- In addition, Republicans in 20 states are suing to overturn the Affordable Care Act and eliminate its protections for people with pre-existing conditions in a Texas district court. The Trump administration is siding with them, not federal law, and asking the judge to specifically overturn the protections that ban insurance companies from denying coverage, or charging more, because of a pre-existing condition.
4 – ALLOWING INSURANCE COMPANIES ACROSS STATE LINES IS A RACE TO THE BOTTOM
The Trump administration and Republicans are pushing a proposal to allow insurance companies to sell across state lines as a way to lower costs. The truth: this would be a race to the bottom for insurance companies to sell from states with the least consumer protections, thus hurting consumers.
- CBO: Selling Across State Lines Would Result In People Living In States With More Consumer Protections To Be Offered Plans From States That Do Not Have Those Protections. “Under H.R. 2355, CBO expects that individual health insurance would be offered across state lines to individuals in states with relatively expensive coverage mandates and rate-setting rules that permit relatively little variation in the prices an insurer may charge. The insurers offering those policies would be licensed in, and regulated by, states that do not have those characteristics.” [Congressional Budget Office, 9/12/05]
- Urban Institute: Insurers Would Domicile Firms In States With Lax Regulations And The Least Consumer Protections. “Pre-ACA proposals to permit sales of insurance across state lines would have allowed insurers to take advantage of the regulatory variation across states. The same is true for current proposals to permit such sales while simultaneously repealing all or most of the ACA. Under such a policy scenario, insurers would have powerful financial incentives to domicile firms in states that have little regulation of nongroup insurance markets, such as those without guaranteed issue, those with no limits on premium rating, those permitting liberal use of benefit riders, and so on.” [The Urban Institute, 6/29/16]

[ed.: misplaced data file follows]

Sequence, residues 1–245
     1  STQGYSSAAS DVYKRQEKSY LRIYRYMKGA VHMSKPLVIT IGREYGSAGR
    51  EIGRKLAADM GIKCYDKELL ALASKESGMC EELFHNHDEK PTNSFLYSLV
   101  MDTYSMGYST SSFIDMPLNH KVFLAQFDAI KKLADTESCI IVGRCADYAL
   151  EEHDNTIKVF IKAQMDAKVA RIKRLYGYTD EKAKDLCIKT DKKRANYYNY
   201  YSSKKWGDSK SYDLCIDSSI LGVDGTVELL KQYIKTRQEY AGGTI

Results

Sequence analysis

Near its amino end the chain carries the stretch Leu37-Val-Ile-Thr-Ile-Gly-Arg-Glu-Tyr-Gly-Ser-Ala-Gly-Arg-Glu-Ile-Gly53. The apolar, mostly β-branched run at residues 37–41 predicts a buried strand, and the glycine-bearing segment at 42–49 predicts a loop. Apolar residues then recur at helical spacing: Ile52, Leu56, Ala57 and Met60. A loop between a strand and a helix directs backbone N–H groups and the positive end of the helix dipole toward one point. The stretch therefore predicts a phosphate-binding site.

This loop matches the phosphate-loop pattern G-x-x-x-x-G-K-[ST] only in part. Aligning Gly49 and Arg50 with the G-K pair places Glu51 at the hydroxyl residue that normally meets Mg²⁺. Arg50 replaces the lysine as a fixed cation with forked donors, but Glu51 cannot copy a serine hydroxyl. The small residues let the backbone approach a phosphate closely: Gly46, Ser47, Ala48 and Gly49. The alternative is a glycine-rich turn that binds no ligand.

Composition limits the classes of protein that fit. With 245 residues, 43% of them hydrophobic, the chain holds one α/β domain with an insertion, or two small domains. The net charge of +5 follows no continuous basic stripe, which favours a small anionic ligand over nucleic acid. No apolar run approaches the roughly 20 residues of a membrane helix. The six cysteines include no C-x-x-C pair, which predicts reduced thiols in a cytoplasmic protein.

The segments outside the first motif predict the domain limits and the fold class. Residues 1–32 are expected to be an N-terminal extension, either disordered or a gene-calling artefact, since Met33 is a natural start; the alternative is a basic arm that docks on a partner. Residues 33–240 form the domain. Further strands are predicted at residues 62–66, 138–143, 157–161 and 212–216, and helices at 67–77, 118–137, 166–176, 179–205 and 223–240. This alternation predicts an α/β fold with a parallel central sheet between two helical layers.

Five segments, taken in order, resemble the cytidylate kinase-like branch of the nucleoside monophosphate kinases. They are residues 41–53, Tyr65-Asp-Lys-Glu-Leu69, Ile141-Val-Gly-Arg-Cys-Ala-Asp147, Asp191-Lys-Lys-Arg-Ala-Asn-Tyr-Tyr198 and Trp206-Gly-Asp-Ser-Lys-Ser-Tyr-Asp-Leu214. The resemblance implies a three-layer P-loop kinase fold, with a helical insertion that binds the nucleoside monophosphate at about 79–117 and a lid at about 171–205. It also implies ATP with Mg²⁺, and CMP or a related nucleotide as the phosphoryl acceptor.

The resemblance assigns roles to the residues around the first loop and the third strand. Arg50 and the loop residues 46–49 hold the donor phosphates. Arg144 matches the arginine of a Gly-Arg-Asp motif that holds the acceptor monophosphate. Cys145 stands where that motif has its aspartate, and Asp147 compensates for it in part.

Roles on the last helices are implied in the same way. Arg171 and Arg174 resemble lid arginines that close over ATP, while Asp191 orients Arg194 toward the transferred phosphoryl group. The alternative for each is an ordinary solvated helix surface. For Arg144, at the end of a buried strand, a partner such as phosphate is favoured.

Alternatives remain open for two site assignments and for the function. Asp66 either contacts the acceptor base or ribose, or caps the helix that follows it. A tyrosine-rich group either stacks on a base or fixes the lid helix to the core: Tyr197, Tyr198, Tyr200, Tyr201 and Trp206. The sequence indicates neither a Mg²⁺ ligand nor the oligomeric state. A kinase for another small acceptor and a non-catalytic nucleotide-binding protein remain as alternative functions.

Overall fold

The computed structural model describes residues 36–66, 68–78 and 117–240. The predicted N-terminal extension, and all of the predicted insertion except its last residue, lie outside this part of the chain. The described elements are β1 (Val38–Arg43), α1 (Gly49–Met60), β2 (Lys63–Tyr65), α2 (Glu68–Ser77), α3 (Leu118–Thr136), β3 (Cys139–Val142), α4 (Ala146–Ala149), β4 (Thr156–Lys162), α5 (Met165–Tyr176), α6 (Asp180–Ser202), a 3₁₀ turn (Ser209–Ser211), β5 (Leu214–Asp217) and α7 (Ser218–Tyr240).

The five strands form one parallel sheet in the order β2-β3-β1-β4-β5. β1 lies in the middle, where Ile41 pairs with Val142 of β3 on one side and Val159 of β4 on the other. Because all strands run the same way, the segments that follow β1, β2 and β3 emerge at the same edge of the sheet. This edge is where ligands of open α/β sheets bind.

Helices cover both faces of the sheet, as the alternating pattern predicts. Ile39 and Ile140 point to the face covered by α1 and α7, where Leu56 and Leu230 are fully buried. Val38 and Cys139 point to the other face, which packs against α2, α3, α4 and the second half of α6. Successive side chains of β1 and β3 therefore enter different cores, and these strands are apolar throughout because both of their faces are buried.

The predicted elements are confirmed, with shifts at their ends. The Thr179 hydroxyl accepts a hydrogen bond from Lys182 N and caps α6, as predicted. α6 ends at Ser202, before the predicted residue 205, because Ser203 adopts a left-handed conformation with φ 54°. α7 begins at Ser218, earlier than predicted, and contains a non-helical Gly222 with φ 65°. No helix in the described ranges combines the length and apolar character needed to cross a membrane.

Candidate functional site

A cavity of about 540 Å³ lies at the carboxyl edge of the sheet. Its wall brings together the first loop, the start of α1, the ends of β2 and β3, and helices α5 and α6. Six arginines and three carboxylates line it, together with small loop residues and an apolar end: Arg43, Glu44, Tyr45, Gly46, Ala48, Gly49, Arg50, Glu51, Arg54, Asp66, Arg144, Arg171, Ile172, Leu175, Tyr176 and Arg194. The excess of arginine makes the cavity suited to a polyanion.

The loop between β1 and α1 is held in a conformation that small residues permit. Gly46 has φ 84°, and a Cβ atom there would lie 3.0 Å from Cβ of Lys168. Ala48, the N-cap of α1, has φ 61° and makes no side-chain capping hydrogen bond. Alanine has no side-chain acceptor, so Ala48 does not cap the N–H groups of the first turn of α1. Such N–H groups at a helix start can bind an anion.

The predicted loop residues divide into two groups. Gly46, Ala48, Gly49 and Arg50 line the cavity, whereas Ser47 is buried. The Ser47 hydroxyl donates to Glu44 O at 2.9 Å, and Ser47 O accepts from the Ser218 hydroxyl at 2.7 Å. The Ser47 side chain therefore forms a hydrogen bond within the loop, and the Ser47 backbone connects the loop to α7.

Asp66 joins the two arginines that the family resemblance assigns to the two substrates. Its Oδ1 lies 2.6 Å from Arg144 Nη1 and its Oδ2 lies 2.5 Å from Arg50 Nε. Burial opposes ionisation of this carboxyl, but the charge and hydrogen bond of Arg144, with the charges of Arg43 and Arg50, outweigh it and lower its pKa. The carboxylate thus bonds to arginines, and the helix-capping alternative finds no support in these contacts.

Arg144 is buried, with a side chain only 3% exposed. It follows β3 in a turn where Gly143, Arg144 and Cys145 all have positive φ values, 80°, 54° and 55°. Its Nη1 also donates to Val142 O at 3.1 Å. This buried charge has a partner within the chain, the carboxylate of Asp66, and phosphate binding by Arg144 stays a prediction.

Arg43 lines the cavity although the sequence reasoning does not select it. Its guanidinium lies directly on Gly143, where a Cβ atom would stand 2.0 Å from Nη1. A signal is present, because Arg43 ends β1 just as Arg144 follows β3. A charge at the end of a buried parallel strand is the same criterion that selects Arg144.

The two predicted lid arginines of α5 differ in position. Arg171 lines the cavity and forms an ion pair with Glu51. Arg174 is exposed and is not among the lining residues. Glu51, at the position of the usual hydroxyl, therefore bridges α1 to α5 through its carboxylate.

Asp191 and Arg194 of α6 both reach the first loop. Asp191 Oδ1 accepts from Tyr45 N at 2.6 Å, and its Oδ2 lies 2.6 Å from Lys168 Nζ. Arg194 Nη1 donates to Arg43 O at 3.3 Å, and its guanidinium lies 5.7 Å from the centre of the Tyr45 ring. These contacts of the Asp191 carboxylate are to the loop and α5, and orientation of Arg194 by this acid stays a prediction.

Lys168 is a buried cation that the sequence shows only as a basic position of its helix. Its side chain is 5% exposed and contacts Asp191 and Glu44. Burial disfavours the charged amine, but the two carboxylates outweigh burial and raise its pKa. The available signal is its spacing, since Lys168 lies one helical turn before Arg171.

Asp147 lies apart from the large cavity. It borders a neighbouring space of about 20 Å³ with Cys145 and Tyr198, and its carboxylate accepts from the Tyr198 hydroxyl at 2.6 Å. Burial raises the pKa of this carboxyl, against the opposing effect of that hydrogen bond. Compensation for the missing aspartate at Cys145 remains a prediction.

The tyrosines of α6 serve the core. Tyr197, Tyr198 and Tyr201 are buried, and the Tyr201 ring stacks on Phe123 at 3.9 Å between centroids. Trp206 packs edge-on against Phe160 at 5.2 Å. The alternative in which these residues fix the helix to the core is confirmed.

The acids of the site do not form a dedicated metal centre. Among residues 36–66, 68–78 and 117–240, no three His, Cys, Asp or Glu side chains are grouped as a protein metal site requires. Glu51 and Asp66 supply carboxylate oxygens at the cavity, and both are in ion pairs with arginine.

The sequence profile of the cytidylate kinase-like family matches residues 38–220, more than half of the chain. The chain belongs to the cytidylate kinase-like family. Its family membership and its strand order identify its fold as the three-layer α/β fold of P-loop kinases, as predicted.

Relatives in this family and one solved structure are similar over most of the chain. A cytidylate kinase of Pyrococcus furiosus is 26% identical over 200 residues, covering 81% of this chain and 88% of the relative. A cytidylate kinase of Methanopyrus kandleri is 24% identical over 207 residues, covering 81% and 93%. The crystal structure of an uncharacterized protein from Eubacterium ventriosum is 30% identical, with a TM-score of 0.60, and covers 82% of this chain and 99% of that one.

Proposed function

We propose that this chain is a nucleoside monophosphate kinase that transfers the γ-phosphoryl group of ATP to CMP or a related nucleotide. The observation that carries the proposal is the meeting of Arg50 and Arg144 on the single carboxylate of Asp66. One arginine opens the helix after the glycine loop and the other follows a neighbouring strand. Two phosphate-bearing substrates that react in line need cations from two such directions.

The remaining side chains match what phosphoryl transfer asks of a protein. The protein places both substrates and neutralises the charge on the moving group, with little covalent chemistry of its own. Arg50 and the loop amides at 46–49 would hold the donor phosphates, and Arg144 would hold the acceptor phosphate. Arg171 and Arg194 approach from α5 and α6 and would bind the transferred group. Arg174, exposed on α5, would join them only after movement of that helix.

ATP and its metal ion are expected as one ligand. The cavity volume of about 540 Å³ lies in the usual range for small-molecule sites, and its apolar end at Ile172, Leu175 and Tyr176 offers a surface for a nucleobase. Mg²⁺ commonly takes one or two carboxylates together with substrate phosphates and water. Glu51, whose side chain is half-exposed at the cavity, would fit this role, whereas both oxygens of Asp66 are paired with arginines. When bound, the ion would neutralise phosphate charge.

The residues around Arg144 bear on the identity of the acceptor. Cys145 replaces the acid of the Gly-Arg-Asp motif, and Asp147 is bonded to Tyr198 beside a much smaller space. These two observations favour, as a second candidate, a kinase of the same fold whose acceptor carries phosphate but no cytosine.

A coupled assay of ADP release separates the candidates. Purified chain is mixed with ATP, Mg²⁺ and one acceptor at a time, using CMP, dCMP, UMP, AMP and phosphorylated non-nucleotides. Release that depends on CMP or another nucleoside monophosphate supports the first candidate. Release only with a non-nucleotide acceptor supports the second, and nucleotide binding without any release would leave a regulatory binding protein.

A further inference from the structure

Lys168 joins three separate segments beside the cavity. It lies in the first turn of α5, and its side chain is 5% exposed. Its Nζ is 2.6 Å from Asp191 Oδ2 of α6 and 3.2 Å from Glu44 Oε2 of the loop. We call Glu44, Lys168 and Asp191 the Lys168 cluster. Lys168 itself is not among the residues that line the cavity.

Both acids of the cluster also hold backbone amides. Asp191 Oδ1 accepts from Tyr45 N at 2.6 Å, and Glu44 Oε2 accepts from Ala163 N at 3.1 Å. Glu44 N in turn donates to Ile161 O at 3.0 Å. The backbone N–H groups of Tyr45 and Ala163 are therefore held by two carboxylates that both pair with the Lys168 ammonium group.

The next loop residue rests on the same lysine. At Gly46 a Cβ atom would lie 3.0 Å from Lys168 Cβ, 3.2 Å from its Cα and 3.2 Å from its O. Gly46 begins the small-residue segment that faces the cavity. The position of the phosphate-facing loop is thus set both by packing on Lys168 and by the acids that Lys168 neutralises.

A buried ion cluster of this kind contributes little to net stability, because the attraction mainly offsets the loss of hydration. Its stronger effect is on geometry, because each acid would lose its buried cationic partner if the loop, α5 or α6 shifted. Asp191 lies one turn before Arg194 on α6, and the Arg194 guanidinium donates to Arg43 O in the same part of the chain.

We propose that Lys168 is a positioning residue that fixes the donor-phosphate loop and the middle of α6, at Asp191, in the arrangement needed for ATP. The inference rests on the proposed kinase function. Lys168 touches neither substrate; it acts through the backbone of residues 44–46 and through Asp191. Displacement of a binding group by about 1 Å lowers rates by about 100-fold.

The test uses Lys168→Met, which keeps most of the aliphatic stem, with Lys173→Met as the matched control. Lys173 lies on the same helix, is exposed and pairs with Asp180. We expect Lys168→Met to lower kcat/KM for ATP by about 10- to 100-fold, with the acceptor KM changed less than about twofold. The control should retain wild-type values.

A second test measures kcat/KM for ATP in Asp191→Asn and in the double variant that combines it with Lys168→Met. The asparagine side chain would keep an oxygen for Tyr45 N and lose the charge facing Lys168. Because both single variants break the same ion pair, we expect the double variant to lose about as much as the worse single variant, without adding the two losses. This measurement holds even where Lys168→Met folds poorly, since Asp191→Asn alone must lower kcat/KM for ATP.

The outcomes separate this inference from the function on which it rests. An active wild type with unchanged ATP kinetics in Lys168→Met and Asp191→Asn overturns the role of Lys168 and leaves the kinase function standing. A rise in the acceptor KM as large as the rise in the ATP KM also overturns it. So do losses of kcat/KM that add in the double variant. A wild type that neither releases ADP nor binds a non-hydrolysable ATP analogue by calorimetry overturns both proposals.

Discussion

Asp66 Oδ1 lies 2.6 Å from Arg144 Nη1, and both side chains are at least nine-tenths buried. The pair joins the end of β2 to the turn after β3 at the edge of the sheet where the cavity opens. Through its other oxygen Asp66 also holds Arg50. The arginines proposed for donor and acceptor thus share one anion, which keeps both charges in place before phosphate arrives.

- NAIC: Allowing The Sale Of Insurance Across State Lines Would “Preempt” Consumer Protections In States. “In the same vein, we strongly oppose legislation that would preempt state authority. We continue to see proposals that would preempt state licensing requirements and, thus, consumer protections by allowing sales across state lines by federal edict, without proper discretion for the states to form compacts between themselves. We also see proposals that would preempt state solvency requirements and regulations by creating federally licensed insurance pools called ‘association health plans.’ Such federal actions would strip states of the ability to protect consumers and create competitive markets and should be rejected.” [NAIC Letter to Reps. Walden, Brady, Pallone and Neal, 1/24/17]